Surveillance studies is a rapidly expanding research field which investigates the wide-ranging role of surveillance in social, cultural, economic and governmental processes.

The MA, the first of its kind in the world, builds on the research strengths of the sociology department and is delivered by leading...

Call for Papers on Surveillance and Society

XVII International Sociological Association World Congress of Sociology 11-17 July 2010 Gothenburg, Sweden Session 1: Surveillance and Popular Culture

This session will analyze overlaps between popular media representations of surveillance and actual surveillance practices. Attention will be given to the role of media in translating public concerns over new surveillance systems and the influence of media upon the...

Call for Participants

Preempting Dissent: Open Sourcing Secrecy

An Open Source Documentary Film Project Call for Videos, Testimonials, Photographs, and other Audio Visual Materials This project examines new forms of social control including the proliferation of Tasers and the rise of “no-fly” and watch-lists. We are seeking contributions to this project in the form of video, still images, and testimonials. This content...

SCAN Workshop

Camera Surveillance in Canada: A Research Workshop January 14-16*, 2010, Queen’s University, Kingston, Ontario, Canada

Sponsored by the 2009-2010 Contributions Program of the Office of the Privacy Commissioner of Canada (OPC), Ottawa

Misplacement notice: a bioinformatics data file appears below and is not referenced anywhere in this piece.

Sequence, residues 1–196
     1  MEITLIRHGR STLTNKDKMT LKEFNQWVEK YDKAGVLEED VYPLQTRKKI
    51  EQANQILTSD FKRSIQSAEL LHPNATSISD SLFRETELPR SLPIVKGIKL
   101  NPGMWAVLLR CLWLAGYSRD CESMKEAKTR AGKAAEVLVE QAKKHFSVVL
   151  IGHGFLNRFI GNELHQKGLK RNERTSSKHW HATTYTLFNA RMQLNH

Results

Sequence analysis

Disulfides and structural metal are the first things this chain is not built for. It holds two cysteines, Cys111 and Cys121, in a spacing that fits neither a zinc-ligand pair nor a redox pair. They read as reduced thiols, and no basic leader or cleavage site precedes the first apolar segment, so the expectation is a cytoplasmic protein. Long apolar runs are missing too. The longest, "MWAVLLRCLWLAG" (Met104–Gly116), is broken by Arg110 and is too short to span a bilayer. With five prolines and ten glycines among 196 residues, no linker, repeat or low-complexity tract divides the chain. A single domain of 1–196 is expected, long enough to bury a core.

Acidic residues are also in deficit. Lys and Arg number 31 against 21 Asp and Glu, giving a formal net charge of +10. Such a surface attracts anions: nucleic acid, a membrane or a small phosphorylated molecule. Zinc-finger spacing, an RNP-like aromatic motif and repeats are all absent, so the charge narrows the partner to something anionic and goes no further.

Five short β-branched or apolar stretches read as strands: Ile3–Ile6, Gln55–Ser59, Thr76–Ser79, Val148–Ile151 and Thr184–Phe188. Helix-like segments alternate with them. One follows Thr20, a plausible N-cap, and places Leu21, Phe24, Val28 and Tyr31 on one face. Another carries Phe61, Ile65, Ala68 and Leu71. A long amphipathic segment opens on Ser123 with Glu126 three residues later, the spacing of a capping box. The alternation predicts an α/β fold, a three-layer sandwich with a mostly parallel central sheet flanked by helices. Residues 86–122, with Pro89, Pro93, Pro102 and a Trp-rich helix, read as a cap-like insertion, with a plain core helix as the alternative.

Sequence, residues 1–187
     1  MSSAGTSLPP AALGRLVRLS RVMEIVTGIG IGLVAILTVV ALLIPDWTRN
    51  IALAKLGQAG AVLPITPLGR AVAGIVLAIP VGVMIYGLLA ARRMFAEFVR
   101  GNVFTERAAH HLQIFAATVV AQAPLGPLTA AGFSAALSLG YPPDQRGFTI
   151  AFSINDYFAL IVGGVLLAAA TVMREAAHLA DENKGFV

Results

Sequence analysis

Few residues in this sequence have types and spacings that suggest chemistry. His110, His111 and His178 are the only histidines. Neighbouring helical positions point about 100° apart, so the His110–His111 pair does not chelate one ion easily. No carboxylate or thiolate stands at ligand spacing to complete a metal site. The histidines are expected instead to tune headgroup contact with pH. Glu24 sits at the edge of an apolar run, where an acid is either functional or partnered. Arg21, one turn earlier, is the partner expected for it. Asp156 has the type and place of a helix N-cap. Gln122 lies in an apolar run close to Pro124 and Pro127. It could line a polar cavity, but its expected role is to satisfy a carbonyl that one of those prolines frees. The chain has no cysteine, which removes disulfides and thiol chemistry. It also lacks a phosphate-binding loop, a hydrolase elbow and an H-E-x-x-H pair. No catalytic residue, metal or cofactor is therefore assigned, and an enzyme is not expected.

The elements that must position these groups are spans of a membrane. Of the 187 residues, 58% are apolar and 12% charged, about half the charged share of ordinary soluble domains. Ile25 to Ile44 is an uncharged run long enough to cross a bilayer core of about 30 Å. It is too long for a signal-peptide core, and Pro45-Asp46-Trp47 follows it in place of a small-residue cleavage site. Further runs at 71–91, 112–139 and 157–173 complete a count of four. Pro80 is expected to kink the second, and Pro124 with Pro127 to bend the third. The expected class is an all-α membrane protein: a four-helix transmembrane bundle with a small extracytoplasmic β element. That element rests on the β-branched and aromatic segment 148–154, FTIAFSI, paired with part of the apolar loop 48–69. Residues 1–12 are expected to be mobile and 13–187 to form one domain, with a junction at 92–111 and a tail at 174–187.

Held in conjunction with the exhibition Sorting Daemons: Art, Surveillance Regimes and Social Control at the...

Deep-Packet Inspection in Canada

Colin Bennett and Christopher Parsons have received a grant for $28,211 from the Federal Office of the Privacy Commissioner under the Contributions Program to develop a repository of information about Deep-Packet Inspection in Canada.

Read the official OPC announcement here: ://

Mat Johnson wins essay prize

Mat Johnson is the 2008-09 winner of a new Essay Contest established by the Office of the Privacy Commissioner of Canada.

The paper entitled "Protecting Privacy in Public: The Need for Public Surveillance Regulation in Canada", was written under the supervision of Professor Art Cockfield, who encouraged Mat to enter this new essay contest. Mat will receive $2,500 for...

SCAN Awarded OPC Funding

The Office of the Federal Privacy Commissioner (OPC) has awarded SCAN (Surveillance Cameras Awareness Network, an affiliated pan-Canadian group of The Surveillance Project) $50,000 to complete research and produce a report on Video Surveillance in Canada and to mount an international research workshop on the same theme.

Read the official OPC announcement here: